the only man who ever took this castle. He set the cannon in the tower of the Church.

Edinburgh Friday
This is Princess [Princes] Street Sunday (?).. and the memorial to Sir Walter Scott said to be the finest in
the world. Livingston’s monument bible in hand stands on the East Corner which is fine.
Now we enter the location south (?) xxwe climbed on stairs but I will not go further. 1400 went up into
this monument on Monday. 1600 is the largest number that ever entered n one day as more could not
be accommodated. It was completed 1844 – Mr George M Kemp62 Esq architect to his memory.
“Hope still cheers us while we mourn ;
Fame strews laurels o’er his urn;
See you structure cleave the sky;
Dream not genius e’er can die.”
In the centre of the museum where I am now standing is the statue of Sir Walter Scott with his dog and
book and pencil in hand.
This grand memorial of Scott stands in the East end of the Princes’ Street.. and is the finest in the world.
In the centre of the Gardens is the statue of the Lord Provost of Edinburgh and at the other end of John
can’t verify.
62 George Meikle Kemp – Scott Monument -


Now we stand on the Heart of Midlothian Jennie Deans prison. Now we are at St Giles Church
[Cathedral] where the lady threw63 the stool at the Minister’s head.
Now we stand on Parliament Square where an equestrian monument of Charles 2nd.
Now are standing] on the spot where all that remains of John Knox is ???k – date 1572. This place which
used to be the burying ground of St Giles Church, near Parliament Square. We now enter the Church,
many tablets to the memory of many people also a case as the old books of order and service(?)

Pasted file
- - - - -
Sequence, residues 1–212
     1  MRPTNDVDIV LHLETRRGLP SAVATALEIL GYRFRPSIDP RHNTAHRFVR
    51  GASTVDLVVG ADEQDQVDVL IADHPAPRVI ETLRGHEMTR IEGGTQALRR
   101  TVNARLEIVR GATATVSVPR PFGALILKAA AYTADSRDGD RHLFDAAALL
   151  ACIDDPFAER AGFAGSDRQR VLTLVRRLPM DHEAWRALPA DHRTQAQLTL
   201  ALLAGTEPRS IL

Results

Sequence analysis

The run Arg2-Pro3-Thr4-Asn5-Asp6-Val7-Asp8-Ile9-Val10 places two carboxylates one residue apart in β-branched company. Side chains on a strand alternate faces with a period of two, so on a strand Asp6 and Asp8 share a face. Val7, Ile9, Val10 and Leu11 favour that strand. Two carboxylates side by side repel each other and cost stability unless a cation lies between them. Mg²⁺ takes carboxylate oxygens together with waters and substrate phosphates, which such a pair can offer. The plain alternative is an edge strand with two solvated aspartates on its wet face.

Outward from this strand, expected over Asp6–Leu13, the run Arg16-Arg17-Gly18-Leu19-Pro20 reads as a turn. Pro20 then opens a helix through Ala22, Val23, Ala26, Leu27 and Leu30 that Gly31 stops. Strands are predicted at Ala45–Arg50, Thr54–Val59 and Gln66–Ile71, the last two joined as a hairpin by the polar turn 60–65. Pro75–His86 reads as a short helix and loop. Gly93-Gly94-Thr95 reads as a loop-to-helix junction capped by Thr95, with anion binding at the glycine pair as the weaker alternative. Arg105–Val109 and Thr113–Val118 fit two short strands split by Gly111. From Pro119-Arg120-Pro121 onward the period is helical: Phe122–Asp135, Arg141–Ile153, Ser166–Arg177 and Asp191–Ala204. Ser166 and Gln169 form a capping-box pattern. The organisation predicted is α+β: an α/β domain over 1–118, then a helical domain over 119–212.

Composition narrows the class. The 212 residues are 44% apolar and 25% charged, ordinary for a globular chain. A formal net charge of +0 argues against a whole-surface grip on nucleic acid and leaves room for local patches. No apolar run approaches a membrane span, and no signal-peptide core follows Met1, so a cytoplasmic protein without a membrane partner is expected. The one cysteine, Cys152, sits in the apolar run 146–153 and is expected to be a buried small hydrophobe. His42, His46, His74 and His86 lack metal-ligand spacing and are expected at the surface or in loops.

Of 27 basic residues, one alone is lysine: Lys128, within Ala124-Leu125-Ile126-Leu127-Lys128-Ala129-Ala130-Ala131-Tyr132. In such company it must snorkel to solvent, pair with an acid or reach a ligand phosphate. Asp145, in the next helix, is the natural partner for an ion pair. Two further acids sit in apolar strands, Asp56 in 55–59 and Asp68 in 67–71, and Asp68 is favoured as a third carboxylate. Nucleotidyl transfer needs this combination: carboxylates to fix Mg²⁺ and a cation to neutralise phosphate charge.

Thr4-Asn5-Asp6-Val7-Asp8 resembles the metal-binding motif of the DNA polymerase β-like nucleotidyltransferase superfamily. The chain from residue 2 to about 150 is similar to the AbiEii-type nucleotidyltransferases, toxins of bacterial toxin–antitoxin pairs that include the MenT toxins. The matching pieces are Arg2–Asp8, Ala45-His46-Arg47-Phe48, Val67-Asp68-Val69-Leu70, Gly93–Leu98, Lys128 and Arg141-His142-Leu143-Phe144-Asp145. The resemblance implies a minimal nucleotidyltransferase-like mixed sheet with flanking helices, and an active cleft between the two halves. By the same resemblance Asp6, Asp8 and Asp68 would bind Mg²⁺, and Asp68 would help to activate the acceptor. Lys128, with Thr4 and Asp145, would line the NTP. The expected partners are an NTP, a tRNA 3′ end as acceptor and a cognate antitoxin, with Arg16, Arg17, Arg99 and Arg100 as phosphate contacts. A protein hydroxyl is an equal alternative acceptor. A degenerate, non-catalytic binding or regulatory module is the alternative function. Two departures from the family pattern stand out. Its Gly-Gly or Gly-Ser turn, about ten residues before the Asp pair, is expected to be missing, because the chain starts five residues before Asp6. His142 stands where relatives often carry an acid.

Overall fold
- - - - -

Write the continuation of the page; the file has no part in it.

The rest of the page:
sanctioned (?) by the General Assembly. One is dated 1562. The Sacred Prayer Book of King Edward 6th
1552 and many others.
Among the tablets is one to the 92 Sutherlands who died at the Indian Mutiny. On one side of the
Church hangs many old flags that have been used in the old time battle and maybe captured.
The first memorial and tomb here is to the Duke of Argyle who was beheaded outside of the Church.
The Church was started to be built in 854.
The great bell that was used to summon people hither (?) for defence of the city is still here.
There are 35 bells (chimes) on St Giles Church.
The Earl of Murray is lord here. He was regent when Mary Queen of Scots was a child.
Now welcome to the spot Janet Geddes [Jenny Geddes] 64 sat and fired the stool in 1637 on 23 July.
Struck (?) the first / final (?) blow in last great trouble freedom of Conscience which after the conflict of
half a century ended in the establishment of civil and religious liberty.
In another section of the Church is the Tomb of Montrose – it is most elegant.
The royal eats are also in this Church which we viewed.
Now the Castle covers 11 ½ acres. There are 7 gates to the
1378 dates from
Saw the window the last sleep of Argyle 65
St Margarets Chapel66 – the oldest church in Scotland 1093


Jenny Geddes
Painting of the 9th Earl of Argyle - napping before his execution.


1560 Mary Queen of scots mother died in the room